WASHINGTON (CNN) - Forgive Arlen Specter if he felt a little confused Wednesday.
The former Republican chairman of the Senate Judiciary Committee took his turn questioning Supreme Court nominee Sonia Sotomayor as one of the lowest-ranking Democrats - ahead of only the chamber's newest member, Al Franken of Minnesota.
Specter, who has represented Pennsylvania since 1980, switched parties in April and therefore lost the committee seniority accrued in almost three decades as a Republican.
That didn't stop him from raising favorite judicial issues with Sotomayor, including his long-standing push for televising sessions of the nation's highest court.
Noting that both House and Senate proceedings are televised and the "tremendous interest" in Sotomayor's nominating process, Specter said it is time to also broaden access to Supreme Court proceedings.
"Wouldn't it be more appropriate in a democracy to let the people take a look inside?" he asked.
Sotomayor replied that she participated in some televised court proceedings and that, if confirmed, would relay her "positive experiences" to her Supreme Court colleagues.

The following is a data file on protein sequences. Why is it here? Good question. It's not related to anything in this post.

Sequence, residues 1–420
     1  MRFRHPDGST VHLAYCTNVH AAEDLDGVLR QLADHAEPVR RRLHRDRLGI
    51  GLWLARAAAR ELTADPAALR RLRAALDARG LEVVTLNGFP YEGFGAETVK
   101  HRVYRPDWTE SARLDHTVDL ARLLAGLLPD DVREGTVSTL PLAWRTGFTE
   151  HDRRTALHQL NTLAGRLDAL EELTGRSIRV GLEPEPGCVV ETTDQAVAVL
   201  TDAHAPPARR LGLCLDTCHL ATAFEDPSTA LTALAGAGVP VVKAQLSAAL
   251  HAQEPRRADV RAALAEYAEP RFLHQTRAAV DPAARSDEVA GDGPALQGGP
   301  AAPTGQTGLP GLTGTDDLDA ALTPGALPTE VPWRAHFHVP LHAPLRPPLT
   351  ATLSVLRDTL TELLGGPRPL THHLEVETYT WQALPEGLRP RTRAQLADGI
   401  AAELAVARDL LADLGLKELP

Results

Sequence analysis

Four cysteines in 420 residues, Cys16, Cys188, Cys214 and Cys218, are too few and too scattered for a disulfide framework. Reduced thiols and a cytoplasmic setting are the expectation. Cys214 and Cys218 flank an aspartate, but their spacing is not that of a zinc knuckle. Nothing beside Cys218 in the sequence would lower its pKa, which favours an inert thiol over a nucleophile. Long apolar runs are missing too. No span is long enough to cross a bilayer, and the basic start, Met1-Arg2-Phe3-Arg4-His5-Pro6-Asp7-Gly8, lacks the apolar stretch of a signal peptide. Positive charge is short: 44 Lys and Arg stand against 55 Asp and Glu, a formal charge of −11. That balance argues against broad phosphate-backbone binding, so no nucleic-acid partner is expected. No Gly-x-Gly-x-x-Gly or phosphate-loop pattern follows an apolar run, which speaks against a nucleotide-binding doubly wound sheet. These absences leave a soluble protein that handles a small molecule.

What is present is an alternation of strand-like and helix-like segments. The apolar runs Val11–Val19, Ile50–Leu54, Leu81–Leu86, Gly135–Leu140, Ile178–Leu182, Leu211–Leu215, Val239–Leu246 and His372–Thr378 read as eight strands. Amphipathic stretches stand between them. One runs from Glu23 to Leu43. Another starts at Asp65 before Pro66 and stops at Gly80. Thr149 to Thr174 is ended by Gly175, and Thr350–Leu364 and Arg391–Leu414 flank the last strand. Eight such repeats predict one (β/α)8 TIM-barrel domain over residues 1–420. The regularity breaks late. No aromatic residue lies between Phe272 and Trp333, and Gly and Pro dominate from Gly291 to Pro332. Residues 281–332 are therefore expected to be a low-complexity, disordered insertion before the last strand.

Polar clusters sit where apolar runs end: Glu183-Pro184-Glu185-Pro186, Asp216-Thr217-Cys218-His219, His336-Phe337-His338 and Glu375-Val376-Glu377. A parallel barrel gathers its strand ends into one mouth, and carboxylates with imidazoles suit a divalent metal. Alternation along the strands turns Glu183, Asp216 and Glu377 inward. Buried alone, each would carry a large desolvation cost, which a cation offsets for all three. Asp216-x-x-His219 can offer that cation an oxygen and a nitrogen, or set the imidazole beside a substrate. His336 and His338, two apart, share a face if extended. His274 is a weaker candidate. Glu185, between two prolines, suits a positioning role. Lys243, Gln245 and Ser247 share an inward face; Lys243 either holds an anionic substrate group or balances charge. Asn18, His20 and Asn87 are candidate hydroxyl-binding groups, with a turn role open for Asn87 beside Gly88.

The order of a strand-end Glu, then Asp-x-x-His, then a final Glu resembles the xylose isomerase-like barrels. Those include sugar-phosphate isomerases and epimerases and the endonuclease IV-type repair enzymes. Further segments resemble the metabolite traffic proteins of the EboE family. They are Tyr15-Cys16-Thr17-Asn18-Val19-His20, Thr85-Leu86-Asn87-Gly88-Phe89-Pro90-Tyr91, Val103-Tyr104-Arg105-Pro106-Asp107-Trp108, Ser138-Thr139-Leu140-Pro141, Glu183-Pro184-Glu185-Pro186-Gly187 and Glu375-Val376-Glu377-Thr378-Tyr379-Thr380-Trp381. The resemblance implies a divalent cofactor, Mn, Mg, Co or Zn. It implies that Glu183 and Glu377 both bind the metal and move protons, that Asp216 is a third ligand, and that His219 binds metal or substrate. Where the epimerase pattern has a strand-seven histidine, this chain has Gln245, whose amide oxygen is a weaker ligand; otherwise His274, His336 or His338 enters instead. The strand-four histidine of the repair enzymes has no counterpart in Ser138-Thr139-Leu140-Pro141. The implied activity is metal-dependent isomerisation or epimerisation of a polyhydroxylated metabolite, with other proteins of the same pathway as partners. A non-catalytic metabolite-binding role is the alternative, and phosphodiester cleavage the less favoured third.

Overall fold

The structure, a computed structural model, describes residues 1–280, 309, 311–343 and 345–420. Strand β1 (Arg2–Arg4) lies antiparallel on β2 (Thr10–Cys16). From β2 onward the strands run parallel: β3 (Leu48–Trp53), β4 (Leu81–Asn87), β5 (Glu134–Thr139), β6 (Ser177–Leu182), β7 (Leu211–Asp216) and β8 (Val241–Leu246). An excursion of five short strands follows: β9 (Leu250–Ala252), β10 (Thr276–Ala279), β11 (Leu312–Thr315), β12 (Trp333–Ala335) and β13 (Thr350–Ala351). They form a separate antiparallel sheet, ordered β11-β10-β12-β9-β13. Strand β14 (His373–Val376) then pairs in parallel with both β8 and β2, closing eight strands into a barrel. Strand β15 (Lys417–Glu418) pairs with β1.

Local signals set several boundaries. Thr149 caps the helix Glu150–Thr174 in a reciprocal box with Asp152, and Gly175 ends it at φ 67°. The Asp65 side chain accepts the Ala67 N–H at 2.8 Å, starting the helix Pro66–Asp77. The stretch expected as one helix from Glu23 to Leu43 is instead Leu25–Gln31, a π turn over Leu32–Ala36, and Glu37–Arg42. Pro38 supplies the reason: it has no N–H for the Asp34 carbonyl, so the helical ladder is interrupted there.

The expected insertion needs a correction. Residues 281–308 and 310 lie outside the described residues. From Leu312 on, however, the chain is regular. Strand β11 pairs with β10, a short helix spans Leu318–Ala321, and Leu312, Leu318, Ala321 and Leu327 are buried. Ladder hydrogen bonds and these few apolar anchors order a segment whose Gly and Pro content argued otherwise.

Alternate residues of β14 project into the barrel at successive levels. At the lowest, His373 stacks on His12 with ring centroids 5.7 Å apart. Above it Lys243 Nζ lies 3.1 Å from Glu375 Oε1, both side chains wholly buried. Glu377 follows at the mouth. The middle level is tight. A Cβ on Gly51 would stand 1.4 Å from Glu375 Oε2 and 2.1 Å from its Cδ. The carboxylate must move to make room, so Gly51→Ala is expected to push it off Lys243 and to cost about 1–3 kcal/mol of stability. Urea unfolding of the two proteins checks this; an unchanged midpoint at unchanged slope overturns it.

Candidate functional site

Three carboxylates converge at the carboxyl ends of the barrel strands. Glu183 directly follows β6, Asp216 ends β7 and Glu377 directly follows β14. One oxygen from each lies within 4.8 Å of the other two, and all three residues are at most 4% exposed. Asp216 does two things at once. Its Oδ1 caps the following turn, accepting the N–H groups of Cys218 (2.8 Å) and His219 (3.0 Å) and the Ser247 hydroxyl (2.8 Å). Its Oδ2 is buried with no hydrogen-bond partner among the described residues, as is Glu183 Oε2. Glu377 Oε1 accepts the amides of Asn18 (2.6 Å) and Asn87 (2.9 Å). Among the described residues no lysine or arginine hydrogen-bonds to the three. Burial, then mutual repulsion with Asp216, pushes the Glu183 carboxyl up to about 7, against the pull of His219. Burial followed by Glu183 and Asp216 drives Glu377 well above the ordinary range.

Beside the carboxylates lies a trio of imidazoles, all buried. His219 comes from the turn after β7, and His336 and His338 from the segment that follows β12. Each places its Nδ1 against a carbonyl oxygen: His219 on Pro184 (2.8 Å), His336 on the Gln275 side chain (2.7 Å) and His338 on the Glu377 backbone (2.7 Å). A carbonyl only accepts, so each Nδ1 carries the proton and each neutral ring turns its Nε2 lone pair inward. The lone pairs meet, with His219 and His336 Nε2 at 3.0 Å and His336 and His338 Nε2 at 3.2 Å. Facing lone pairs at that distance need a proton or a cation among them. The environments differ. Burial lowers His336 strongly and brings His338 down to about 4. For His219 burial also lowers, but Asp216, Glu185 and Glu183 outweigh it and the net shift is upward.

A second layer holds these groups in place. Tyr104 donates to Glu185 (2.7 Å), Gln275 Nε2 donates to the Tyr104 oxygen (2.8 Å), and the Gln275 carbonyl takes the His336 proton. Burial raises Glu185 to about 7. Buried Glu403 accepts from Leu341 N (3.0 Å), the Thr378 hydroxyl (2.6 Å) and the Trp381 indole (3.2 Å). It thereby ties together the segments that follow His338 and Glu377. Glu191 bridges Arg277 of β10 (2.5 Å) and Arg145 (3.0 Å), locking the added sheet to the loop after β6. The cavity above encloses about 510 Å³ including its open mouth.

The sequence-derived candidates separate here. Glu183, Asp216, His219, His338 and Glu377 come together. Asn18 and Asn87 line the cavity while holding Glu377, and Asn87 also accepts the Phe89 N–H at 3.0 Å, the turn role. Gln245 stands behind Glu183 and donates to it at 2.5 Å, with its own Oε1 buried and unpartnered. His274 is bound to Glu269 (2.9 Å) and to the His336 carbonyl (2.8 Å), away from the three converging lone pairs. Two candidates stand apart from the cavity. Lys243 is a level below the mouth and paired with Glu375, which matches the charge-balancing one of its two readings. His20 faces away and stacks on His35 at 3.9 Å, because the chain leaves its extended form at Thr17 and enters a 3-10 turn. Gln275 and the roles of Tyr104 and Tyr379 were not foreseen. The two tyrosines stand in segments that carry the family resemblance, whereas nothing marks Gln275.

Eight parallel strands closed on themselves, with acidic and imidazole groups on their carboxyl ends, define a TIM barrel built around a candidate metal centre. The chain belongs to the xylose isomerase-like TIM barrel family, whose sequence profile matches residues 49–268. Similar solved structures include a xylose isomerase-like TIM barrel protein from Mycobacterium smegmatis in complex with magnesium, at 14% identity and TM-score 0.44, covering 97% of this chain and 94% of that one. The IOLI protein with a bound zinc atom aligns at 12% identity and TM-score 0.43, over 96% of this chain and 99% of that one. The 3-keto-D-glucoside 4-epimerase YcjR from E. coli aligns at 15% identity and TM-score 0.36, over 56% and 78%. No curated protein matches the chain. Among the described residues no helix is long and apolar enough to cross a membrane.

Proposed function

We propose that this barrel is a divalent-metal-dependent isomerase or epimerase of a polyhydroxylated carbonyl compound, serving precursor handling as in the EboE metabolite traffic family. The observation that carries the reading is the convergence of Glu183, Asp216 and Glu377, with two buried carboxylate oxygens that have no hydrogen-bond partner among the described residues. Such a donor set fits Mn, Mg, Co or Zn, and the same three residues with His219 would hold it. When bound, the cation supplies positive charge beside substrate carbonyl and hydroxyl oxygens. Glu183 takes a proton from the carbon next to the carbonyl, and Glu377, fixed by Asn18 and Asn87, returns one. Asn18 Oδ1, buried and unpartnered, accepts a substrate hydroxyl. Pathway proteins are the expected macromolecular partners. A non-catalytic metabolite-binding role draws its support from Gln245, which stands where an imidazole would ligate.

At a 2007 Senate hearing, Justice Anthony Kennedy urged Specter to drop the issue.
"Please, senator, don't introduce into the dynamic that I have with my colleagues the insidious temptation to think one of my colleagues is trying to get a sound bite for television," Kennedy said at the time. "We don't want that. Please don't introduce this into our inter-collegial deliberations."
On Wednesday, Specter demonstrated the skill of a committee chairman to control the pace, repeatedly cutting off Sotomayor's responses as not answering his questions.
Later, in praising Sotomayor's record as a judge, Specter said: "I'm not commenting about your answers, but your record is exemplary."
"You'll be judged on your record more than your answers," he said.